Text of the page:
Commerce Department Tacks to New Aggressive Enforcement Program
The Commerce Department’s Bureau of Industry and Security (“BIS”) has decided to join the enforcement club. BIS’s recent announcement of new policies to administrative actions should not be surprising.
Matthew Axelrod, the Assistant Secretary of Commerce for Export Enforcement, promised to ramp up enforcement during his confirmation hearings. The Biden Administration has promised an increase in regulatory enforcement, and there is no question that enforcement is increasing. In the international trade arena, the Treasury Department’s Office of Foreign Asset Control (“OFAC”) has committed to aggressive enforcement of the Russian Sanctions Program.
In a major policy shift, in late June 2022, Axelrod announced several revisions to its enforcement program. Axelrod explained that the primary reason for the new policies is the need to focus on increasing threats from nation states including China, Russia, Iran and North Korea.
The most significant change is the anticipated increase in participation of DOJ prosecutors from the National Security Division in joint investigation and enforcement actions. Like the SEC and DOJ partnership in FCPA, and the OFAC and DOJ partnership in trade sanctions cases, Axelrod highlighted the increased role of DOJ prosecutors in export control cases. This is consistent with DOJ’s increased focus on trade sanctions enforcement.
Aside from this major policy shift, Axelrod announced several other changes.
First, BIS will assign greater weight to the aggravating factors place greater outlined in the existing BIS enforcement guidance. As a result, a laarger proportion of cases with fall into the “egregious” category, resulting in higher penalties.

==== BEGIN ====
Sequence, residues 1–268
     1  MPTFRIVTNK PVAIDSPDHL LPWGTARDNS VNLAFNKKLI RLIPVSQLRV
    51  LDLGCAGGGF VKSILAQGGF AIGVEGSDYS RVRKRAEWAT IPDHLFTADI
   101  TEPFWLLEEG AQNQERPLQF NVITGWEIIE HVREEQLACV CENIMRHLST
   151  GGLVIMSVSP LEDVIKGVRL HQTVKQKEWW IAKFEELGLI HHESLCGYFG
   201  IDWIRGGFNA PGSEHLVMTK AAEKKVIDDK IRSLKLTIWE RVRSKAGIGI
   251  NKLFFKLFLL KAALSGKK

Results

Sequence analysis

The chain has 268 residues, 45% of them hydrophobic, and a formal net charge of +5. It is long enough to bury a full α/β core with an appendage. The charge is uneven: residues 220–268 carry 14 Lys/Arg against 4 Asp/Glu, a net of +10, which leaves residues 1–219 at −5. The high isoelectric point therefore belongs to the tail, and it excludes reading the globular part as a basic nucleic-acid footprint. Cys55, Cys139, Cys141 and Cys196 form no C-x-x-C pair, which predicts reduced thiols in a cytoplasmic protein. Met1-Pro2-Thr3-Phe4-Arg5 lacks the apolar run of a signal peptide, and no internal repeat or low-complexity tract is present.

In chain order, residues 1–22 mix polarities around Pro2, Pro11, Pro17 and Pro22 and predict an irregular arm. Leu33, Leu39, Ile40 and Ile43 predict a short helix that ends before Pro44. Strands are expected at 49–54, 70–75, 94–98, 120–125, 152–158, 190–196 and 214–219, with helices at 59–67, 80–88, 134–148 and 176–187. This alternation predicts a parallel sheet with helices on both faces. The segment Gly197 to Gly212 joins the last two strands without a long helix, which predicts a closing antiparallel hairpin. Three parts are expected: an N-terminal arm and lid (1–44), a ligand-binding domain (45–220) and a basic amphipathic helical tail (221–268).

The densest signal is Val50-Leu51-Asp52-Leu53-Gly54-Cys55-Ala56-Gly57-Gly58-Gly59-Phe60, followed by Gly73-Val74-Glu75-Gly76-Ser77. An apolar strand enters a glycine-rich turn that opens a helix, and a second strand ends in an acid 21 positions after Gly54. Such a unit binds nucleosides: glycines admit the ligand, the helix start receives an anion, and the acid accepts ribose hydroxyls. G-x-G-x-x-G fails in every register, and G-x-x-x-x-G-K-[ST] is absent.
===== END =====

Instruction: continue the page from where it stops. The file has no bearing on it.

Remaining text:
Second, going forward, BIS will require entities and individuals subject to an enforcement settlement to admit the underlying factual statement. BIS claimed that an admissions requirement will ensure that companies understand the nature and scope of the violation and therefore facilitate compliance remediation.
Third, in cases where BIS would typically issue a warning letter or no-action letter, BIS will offer settlements with no penalty but require specific compliance remediation commitments. Under this approach, the remedial measures will be enforced through temporary denial orders condition on specific remedial measures (e.g. training).
Fourth, BIS is creating a dual-track approach to voluntary disclosures, offering resolutions within 60 days of final submission of factual statements for situations involving only minor or technical infractions. For more serious cases, BIS will now assign both an enforcement agent and an Office of Chief Counsel attorney to investigate the matter.
In the most serious cases, the DOJ’s National Security Division prosecutors will be assigned to the investigation.
DOJ, BIS and OFAC officials have specifically emphasized that a BIS or OFAC disclosure does not qualify as a DOJ voluntary disclosure. The distinction between the two different tracks — DOJ v. OFAC & BIS — turns on whether the conduct was “willful,” meaning with knowledge that the conduct was unlawful. OFAC and BIS violations are strict liability offenses.
Companies that face decisions to submit a voluntary disclosure may think twice before notifying BIS. Companies routinely disclose violations because of the importance of maintaining a positive relationship with BIS and secure licenses in a timely manner.
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